The St Albans Commons is situated on an alluvial flat extending upstream on Mogo Creek from the junction with the Macdonald River.
The Commons, which was set aside in 1824 for use by settlers and their descendants, is managed by trustees as an area with commons grazing rights. The geology of the area includes Hawkesbury Sandstones to the south, with sandstones, shales and conglomerates of the Narrabeen Group dominating in the north parts.
The Common itself comprises a grassy valley floor formed by the alluvial flood plain of Mogo Creek which is flanked by steep slopes with open eucalypt woodland.
The wetlands of the common include a freshwater pond system, probably originally a very old tributary of the Macdonald River that has become blocked with silt.
The ponds are linked during periods of flooding. The ponds are shallow (to 3m). Wetland vegetation associated with the ponds includes emergent species: tall spike rush (ELEOCHARIS SPHACELATA), CYPERUS EXALTATUS, JUNCUS USITATUS and PERSICARIA species and aquatic (submergent) species.
The wetland area provides habitat suitable for waterbirds. Aquatic fauna which occur in the region include fish: long finned eel (anguilla reinhardtii), Nepean herring (pomatolosa richmondia), Australian smelt (retropinna SEMONI), spotted minnow (galaxias MACULATUS), mosquito fish (gambusia AFFINIS), striped gudgeon (gobiomorphus AUSTRALIS), Cox’s gudgeon (gobiomorphus COXII), empire fish (hypseleotris COMPRESSA), big headed gudgeon (philypnodon grandiceps) and philypnodon species and invertebrates.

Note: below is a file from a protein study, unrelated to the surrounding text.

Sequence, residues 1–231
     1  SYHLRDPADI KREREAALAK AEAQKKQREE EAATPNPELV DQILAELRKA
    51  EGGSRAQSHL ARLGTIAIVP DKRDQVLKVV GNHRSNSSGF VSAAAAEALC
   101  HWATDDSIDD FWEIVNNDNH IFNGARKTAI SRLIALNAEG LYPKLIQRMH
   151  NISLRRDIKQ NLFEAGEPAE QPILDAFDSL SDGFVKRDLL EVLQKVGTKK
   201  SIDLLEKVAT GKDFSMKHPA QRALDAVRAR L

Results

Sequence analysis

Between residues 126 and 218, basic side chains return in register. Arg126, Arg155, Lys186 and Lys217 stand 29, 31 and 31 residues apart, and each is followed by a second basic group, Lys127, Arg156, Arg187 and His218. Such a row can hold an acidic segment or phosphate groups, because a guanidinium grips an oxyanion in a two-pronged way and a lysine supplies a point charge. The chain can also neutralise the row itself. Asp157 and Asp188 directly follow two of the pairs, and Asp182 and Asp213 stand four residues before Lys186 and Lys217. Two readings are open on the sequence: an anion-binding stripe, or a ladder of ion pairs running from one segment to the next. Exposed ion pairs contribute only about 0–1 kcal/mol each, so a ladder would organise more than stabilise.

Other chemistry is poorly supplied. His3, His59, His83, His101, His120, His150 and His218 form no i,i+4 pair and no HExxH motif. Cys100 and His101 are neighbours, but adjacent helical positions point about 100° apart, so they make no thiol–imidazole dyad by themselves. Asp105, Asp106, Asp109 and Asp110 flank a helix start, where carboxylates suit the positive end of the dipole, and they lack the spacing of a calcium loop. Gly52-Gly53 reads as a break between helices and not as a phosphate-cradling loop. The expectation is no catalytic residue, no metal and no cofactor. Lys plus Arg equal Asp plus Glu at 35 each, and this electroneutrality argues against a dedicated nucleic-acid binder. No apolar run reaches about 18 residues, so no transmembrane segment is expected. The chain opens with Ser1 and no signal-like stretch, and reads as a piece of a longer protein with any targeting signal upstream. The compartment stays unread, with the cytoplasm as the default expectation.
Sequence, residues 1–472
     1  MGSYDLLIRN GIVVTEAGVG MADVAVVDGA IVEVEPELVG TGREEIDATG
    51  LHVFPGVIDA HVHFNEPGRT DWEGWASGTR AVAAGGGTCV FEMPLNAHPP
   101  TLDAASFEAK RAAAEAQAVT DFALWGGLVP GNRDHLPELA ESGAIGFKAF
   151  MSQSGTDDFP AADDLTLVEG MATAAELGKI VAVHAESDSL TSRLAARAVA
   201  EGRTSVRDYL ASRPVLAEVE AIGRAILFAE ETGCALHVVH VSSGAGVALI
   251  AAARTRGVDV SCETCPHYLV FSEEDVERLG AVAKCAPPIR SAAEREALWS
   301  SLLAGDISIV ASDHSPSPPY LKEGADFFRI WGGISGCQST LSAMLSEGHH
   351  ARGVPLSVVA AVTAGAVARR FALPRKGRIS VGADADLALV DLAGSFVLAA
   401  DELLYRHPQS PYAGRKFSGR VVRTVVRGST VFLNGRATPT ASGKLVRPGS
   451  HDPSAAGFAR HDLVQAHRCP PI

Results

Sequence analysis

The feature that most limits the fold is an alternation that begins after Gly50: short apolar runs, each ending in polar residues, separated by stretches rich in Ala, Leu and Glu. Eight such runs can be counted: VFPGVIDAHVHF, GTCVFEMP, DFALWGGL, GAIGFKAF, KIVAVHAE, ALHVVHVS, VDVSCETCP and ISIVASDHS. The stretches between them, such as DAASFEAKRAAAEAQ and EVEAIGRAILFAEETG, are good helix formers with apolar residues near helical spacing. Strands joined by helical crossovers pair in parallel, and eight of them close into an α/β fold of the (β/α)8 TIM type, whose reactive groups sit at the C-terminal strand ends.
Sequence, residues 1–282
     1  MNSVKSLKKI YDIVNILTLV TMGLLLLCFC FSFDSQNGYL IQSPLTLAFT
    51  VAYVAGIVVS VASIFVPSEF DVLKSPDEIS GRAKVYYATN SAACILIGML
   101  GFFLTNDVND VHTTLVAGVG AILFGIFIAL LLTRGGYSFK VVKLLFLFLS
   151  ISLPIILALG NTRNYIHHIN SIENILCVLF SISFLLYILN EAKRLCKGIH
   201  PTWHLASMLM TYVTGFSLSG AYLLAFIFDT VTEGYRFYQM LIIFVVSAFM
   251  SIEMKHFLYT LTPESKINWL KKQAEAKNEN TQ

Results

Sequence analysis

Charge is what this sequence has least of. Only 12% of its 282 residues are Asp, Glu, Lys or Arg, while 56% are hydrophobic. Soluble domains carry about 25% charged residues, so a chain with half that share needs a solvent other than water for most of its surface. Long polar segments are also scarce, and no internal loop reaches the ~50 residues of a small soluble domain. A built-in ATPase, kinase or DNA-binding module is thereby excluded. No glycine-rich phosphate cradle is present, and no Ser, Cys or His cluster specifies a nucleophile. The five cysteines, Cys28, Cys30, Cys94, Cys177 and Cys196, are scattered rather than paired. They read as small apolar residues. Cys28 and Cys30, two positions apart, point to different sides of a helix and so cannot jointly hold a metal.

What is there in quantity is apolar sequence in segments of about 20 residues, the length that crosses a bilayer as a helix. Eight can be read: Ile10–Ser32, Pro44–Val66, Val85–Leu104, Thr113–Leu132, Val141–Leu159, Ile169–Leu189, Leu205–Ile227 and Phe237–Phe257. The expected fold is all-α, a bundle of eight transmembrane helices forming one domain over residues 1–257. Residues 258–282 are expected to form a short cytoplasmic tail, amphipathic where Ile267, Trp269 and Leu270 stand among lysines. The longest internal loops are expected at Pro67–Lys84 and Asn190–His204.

The fertile flood plains in the river valley were cleared for agricultural purposes during the first half of the nineteenth century. In some areas the original swamps remain. The wetlands may be susceptible in the longer term to impacts from grazing and fertiliser use in surrounding areas, including adjacent upland areas. Introduced species which occur at the place include the goldfish (Carassius AURATUS)